These findings highlight that poor Covid-19 outcomes are disproportionately associated with at-risk populations, including elderly adults, those with preexisting conditions, and those in population-dense communities, the study authors concluded. “Our results support targeted screening for elderly adults and those with type 2 diabetes and kidney disease,” they wrote. “Moreover, we call for increased investments in testing and prevention efforts in lower–socioeconomic status, densely populated, and racially diverse communities. It is these same communities that are home to a greater proportion of essential workers and thus need increased testing and protection.”

“Knowing risk profiles associated with severe Covid outcomes can help us protect ourselves and protect the most vulnerable,” said study co-author Tian Gu, MS, of the University of Michigan School of Public Health, in a report published by the university. “This calls for strategic action plans to eliminate health inequities that have persisted in our social system.”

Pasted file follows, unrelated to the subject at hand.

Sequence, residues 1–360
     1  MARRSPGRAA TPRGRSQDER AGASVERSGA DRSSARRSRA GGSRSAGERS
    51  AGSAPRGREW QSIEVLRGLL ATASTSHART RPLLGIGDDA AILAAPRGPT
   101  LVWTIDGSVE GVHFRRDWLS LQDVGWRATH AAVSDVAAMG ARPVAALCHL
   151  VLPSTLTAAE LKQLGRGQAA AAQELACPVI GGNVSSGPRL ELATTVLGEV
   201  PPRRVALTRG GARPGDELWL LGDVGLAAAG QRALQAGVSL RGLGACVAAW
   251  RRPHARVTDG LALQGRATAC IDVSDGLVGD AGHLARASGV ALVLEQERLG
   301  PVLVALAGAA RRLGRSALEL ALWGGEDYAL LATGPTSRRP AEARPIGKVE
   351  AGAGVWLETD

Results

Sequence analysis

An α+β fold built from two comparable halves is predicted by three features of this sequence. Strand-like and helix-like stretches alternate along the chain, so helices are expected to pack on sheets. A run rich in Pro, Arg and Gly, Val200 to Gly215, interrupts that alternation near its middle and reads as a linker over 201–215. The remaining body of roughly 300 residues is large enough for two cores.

Mukherjee and colleagues noted several limitations to their study, including possibly missing some hospitalized patients by only using data from the University of Michigan Health System and not considering the small number of transfer patients from other hospitals as a special subgroup, although they often have more severe outcomes. Also, “one may argue that the comparison group is intrinsically different than the tested cohort and does not serve as a proper comparison group, which may impact the estimation of the ORs observed in the susceptibility models,” they added.

  1. A University of Michigan study found that, after controlling for age, sex, socioeconomic status, or comorbidities, Black individuals and people with type 2 diabetes or kidney disease were more likely to require hospitalization for Covid-19.